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Bloodhound SSC land speed project saved

Published: 17 December 2018

► Bloodhound SSC record-breaker rescue
► Investor buys project from administration
► 1000mph rocket car project to continue 

The troubled Bloodhound SSC land-speed record attempt is to continue after an entrepreneur stepped in to buy the project from administrators. The skids had been put on the 1000mph supersonic car after the team ran out of funds.

Yorkshire entrepreneur Ian Warhurst, who runs Barnsley engineering firm Melett, has bought the project for an 'undisclosed amount', putting the land-speed attempt back on track for next decade.

Administrator Andrew Sheridan, who was tasked with finding a buyer for the Bloodhound project, said: 'Ian has a strong background in managing highly successful businesses in the automotive engineering sector and he will bring considerable expertise to bear in taking the project forward. He will be outlining his plans for the project in detail early in the New Year.'

Bloodhound SSC land speed record car

Bloodhound took the unusual positive step of engaging with schools and educational institutions nationally to get more students interested in engineering. Sheridan said that the Ministry of Defence and Rolls-Royce have both backed the buy-out.

This is important, since the Bloodhound SSC uses a Rolls-Royce designed Eurofighter jet engine designed to propel it past the speed of sound.

What is the current land speed record?

The Bristol-based Bloodhound team are working to surpass today's world record of 763mph. 

Fastest car: the land speed record history

There are still years of testing and development ahead, however; Bloodhound had planned to test on the salt flats of Hakskeen Pan in South Africa in 2019. A special 11-mile high-speed track is being prepared in the Northern Cape for the record attempt.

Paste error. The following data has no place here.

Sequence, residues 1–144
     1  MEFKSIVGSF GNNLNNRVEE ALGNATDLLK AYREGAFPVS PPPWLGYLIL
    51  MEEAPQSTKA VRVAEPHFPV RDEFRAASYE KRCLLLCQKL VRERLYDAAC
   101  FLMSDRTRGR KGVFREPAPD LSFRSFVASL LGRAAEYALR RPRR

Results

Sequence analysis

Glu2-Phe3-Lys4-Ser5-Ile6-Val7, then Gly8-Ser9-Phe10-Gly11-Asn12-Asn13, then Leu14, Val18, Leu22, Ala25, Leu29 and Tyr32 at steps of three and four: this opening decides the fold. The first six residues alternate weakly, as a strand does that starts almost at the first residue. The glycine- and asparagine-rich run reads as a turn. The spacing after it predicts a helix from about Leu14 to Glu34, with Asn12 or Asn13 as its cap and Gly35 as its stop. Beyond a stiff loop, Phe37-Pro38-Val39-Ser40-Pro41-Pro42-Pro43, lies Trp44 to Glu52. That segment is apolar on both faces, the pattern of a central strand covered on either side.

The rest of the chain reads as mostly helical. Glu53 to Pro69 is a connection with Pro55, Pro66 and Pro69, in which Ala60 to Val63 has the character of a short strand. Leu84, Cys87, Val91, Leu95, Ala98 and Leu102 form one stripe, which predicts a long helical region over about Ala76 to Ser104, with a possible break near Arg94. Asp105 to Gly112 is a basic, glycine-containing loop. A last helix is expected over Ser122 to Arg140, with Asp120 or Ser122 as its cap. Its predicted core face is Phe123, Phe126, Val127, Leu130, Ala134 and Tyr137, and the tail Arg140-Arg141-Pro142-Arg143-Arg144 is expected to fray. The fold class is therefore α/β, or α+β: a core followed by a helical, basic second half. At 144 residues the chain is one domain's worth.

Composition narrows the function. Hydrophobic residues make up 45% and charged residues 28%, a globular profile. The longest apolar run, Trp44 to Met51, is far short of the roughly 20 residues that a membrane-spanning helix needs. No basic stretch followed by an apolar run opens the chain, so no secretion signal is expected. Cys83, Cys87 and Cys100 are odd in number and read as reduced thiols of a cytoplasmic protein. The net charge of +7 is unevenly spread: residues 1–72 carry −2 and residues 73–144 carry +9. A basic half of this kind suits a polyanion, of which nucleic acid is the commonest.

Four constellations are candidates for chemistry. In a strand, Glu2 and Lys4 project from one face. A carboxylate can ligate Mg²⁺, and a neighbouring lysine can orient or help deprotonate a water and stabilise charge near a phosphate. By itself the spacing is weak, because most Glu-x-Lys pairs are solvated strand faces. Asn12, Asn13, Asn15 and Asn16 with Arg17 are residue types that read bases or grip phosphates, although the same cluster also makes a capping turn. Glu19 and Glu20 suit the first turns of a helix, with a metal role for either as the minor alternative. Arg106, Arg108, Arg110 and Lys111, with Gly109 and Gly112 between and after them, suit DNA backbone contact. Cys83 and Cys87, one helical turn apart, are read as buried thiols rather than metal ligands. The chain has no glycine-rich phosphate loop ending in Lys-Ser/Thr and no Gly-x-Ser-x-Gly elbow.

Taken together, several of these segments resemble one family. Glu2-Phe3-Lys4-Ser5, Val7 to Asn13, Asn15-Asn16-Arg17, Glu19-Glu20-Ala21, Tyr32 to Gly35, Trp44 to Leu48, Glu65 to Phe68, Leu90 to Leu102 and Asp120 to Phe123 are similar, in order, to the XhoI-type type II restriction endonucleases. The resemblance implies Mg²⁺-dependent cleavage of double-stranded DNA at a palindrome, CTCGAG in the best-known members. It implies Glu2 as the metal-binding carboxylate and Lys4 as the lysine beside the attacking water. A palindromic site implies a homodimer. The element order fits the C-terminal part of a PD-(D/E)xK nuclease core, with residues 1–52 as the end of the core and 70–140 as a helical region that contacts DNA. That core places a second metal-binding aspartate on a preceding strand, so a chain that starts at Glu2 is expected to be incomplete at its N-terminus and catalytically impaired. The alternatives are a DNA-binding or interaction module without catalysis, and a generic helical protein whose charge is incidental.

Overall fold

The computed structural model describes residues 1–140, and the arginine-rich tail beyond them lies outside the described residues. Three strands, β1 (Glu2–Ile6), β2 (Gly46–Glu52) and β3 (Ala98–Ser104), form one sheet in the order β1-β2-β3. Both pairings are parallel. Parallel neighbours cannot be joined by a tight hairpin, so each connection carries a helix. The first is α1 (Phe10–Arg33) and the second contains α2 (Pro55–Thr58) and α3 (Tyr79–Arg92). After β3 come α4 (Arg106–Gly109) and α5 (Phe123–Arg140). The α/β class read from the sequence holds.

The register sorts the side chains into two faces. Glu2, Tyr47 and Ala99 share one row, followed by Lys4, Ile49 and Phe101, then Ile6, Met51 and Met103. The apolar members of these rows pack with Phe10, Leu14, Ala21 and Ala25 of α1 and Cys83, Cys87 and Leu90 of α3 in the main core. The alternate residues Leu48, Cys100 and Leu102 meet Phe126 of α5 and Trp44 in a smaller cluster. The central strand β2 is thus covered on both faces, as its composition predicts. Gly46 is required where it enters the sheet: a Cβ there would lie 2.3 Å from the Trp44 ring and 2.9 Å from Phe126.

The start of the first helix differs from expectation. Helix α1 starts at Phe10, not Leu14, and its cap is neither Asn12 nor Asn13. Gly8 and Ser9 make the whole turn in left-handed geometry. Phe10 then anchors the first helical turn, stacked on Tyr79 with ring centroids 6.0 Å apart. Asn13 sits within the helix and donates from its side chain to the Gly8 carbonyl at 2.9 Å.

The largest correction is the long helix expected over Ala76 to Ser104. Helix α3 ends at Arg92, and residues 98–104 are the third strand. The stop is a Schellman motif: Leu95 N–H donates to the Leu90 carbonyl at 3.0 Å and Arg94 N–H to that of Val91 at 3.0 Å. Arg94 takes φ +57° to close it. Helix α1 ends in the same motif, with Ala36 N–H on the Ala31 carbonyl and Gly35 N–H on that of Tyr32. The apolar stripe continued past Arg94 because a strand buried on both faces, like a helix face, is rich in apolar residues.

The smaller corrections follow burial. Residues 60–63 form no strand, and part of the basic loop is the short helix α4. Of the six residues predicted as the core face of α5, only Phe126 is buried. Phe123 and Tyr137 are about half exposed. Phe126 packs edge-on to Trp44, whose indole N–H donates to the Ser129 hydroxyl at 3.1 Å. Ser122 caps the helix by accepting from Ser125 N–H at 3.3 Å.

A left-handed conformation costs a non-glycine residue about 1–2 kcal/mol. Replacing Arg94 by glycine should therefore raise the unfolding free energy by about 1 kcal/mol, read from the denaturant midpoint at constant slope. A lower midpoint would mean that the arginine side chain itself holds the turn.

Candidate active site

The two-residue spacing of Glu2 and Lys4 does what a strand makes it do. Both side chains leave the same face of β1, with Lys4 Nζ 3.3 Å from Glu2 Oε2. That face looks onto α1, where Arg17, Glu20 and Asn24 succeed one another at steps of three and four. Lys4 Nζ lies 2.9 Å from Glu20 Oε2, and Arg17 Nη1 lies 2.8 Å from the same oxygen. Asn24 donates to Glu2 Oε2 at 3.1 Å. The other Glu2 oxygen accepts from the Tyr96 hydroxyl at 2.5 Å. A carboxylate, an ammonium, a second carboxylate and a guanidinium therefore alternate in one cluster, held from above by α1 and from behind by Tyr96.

Why did Bloodhound collapse into administration in autumn 2018?

The organisation appointed Andrew Sheridan and Geoff Rowley, partners at specialist business advisory firm FRP Advisory LLP, as joint administrators on 15 October 2018.

The news followed a successful 200mph straight line test in Cornwall, and came a decade after the project was first revealed in 2007. 

'Whilst not an insignificant amount, the £25 million Bloodhound requires to break the land speed record is a fraction of the cost of, for example, finishing last in a F1 season or running an America's Cup team,' administrator Sheridan said in a statement at the time. 'This is an opportunity for the right investor to leave a lasting legacy. We are already in discussion with a number of potential investors and would encourage any other interested party to contact us without delay.'

They have now found the necessary funds for the project to continue.

Just how fast is the Bloodhound SSC?

The Bloodhound is powered by a Rolls-Royce EJ200 jet engine from a Eurofighter, a cluster of Nammo hybrid rockets and a 550bhp Jaguar V8. At full chat, it's due to cover a mile in 3.6 seconds.

The 135,000bhp motor drives the 7.5-tonne, four-wheeled missile for just long enough to hit the 1000mph barrier, in theory. As for stopping it? An air brake deploys at 800mph, the parachute at 600mph and conventional friction discs come into play at 'just' 200mph.

The  team behind the Bloodhound SSC land speed record have already completed a 200mph dry-run - in Cornwall! The plan was then for the supersonic jet car to head to South Africa for summer testing. Airbrakes and new winglets (visible in this rendering by Flock and Siemens) would have been added as the speed ramped up.

What's it like to drive? 

The Bloodhound SSC's cabin is cramped and looks more like the cockpit of a Eurofighter jet than a car. Which means it's business as usual for Andy Green, the RAF pilot who will drive it.

Fighter pilot Green, who received an OBE for his earlier records, said: 'I’ve met graduate engineers who are adamant that our previous record was what inspired their career choice as youngsters: that sort of thing makes all the effort worthwhile.'

Out of time?

The Bloodhound project has been off-schedule from the very beginning; in 2009, it aimed for a 800mph run, followed by a 900mph attempt in 2010 and the full 1000mph in 2011. It’s 2018 now, guys. It's hard not to get wrapped up in the goodwill of this project though - proper, pushing-the-boundary innovation to inspire a generation.

All pictures are by Flock and Siemens

By Curtis Moldrich

CAR's online editor and racing-sim enthusiast